Launcher installation fails on Ubuntu Linux

I am trying to install the Launcher on an Ubuntu Linux server (18.04.5 LTS (Bionic Beaver)) running in an AWS cloud environment. It crashes on takeoff with the following error:

$ ./omniverse-launcher-linux.AppImage
The futex facility returned an unexpected error code.Aborted (core dumped)

Any suggestions what the problem is or where I can find more information?

Hello michael.seager,

Thank you for posting, I will bring your issue to the proper channels for review.
Thank you for your patience.

Here’s the topic on GitHub about similar problems with Electron:

It seems that you can try to set a DISPLAY environment variable to fix the issue.

@michael.seager -
what ASW instance type did you use?
what GUI was installed?
could you tar up the ~/.nvidia-omniverse/logs and send them?

Hi Mirice –

The original problem that I reported was a futex error. After your previous suggestion I realized that I had to install an X server on my laptop, and now I get a little further: I no longer get the futex error, I now get a login screen that hangs indefinitely after I enter my email address as the userid – it never even asks for a password.

To your specific questions:

This is a t2.2xlarge Ubuntu instance running the in the AWS Gov West cloud.

I connect to the server with putty. I am running Xming on my laptop and have putty configured to send X11 traffic to my laptop. With this configuration, my putty session automatically sets the DISPLAY variable and that solves the futex error.

The log is only a few lines so I will paste it here rather than tar’ing it:

[2021-04-06 17:08:09.572] [error] (node:4213) electron: The default of contextIsolation is deprecated and will be changing from false to true in a future release of Electron. See for more information

[2021-04-06 17:08:11.019] [info] Can’t access the /home/ubuntu/.config/omniverse-launcher/data/installers.json file: ENOENT: no such file or directory, access ‘/home/ubuntu/.config/omniverse-launcher/data/installers.json’

[2021-04-06 17:08:11.029] [info] Can’t access the /home/ubuntu/.nvidia-omniverse/config/privacy.toml file: ENOENT: no such file or directory, access ‘/home/ubuntu/.nvidia-omniverse/config/privacy.toml’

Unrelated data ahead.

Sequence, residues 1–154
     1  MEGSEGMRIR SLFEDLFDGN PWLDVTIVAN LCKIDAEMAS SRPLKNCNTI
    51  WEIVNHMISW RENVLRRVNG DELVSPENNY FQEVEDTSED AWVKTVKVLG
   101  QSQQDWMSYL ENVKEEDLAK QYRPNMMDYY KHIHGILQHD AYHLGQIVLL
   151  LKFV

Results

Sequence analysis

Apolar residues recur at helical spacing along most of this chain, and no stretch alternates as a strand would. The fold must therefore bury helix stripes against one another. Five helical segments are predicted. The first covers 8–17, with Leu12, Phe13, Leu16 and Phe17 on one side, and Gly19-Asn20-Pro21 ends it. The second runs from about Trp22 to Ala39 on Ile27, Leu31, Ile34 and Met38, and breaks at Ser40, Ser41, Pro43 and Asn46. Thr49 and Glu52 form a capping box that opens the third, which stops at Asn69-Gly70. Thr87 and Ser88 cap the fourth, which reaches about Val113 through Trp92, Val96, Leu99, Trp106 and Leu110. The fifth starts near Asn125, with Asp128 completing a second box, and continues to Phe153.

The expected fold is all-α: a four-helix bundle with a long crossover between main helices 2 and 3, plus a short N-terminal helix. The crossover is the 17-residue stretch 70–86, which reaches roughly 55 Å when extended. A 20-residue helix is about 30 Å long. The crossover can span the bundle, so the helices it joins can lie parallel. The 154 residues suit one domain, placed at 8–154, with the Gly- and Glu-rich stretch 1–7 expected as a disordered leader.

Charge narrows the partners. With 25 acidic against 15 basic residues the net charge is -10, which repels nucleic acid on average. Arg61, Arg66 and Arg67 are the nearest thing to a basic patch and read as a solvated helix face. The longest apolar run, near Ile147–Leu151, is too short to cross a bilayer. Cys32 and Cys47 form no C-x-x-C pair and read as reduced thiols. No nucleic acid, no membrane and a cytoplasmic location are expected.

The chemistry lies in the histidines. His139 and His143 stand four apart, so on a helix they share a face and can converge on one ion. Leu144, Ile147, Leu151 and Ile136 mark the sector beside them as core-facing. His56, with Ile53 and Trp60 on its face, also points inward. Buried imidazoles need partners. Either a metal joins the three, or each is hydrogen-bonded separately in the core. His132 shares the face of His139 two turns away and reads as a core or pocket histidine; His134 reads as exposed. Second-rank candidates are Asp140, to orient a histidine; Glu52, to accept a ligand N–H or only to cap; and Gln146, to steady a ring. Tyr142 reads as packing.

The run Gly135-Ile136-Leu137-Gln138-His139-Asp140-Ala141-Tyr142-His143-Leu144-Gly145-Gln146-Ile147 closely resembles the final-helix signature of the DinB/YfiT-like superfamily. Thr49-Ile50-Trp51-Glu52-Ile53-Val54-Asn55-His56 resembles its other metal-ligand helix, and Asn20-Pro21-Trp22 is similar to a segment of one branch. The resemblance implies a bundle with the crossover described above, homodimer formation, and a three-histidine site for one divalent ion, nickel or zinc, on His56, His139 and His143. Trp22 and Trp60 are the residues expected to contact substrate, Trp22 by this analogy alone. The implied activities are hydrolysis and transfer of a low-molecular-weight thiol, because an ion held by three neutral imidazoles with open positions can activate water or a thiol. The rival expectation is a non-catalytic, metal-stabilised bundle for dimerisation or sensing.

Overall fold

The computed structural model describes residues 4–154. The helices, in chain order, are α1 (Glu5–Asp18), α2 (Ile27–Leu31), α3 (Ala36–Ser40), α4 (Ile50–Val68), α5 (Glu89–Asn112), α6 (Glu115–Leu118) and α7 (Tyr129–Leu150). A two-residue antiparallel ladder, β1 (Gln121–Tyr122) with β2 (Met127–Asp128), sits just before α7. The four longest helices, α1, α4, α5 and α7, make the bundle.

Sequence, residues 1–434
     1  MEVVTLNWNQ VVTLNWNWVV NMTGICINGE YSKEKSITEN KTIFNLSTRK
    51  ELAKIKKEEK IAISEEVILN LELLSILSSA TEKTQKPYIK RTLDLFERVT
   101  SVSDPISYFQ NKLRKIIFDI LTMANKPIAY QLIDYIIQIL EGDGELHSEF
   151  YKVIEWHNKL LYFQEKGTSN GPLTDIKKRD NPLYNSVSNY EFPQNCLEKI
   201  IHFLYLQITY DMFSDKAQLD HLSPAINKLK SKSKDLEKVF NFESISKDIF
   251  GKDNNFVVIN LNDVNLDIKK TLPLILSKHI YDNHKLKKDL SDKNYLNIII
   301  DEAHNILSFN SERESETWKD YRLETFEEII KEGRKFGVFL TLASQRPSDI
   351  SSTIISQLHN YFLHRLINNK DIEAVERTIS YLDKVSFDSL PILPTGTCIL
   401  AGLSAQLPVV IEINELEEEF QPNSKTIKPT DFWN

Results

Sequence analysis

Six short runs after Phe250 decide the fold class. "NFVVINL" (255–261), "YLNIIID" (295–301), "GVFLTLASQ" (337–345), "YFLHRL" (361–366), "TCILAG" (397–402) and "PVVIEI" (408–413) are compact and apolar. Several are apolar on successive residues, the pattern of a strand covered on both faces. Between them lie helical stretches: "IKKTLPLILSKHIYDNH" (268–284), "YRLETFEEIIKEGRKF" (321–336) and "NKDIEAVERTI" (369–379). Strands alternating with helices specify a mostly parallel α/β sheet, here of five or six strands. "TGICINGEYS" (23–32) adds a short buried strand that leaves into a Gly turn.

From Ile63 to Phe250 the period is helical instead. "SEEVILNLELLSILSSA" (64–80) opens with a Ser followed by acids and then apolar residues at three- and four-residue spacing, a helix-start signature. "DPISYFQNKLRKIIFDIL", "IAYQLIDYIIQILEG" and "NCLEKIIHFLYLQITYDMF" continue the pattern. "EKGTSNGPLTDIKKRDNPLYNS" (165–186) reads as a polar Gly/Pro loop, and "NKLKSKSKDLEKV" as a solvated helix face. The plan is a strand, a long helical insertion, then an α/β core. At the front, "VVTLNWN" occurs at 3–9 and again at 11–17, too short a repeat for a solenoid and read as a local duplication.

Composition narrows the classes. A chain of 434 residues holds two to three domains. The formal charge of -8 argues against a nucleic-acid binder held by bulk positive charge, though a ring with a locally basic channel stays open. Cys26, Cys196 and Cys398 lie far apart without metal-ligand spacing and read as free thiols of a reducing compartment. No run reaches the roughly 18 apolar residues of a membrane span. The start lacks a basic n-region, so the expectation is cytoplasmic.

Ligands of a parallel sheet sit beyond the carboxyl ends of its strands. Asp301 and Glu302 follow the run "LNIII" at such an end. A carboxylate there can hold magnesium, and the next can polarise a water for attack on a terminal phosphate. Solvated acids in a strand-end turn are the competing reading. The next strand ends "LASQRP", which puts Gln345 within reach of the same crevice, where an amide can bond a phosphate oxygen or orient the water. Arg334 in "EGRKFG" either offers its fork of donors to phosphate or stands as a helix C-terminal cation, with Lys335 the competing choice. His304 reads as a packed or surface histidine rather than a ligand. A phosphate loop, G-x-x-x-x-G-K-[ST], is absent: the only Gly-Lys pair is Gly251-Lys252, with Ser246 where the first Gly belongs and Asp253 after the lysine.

[2021-04-06 17:08:15.118] [info] Running production web server.

[2021-04-06 17:08:17.021] [info] HTTP endpoints listening at http://localhost:33480

[2021-04-06 17:09:07.159] [info] Login URL opened.

[2021-04-06 17:09:07.163] [info] Waiting for login result…

At that point it hangs indefinitely – I have tried it several times, and waited between 10 minutes and a couple hours with no further progress.


Hi @michael.seager - so i think i might have reproduced your issue. Yes it will hang at that phase, but will spawn a Chrome browser window to complete the sign in. It took a long time for that window to appear via this setup. But eventually it did.

  1. Make sure you have chrome installed
  2. Make sure chrome is default

Think this sort of solves your issue. But notice that you used a t2 AWS instance. This will not work. You need an instance that supports RTX or T4 (g4dn AWS instance type) And need the T4 drivers installed. You need the “Quadro Virtual Workstation” AWS offering. At the moment i have not actually tried to spin on of these up and attach via your XMING method.

Is your goal to use a AWS instance due to not having a RTX card in your laptop? Basically a remote workstation with laptop as just GUI front end? Also is there a need for ubuntu? would a windows AWS instance work for you and you remote desktop into it from laptop?

Hi Mirice –

This is lots of good information. I will back up a bit.

Our goal is to build an environment for engineering collaboration that resides entirely within the security of a cloud environment. We were under the impression that NVIDIA recommended Linux servers rather than Windows for a production environment.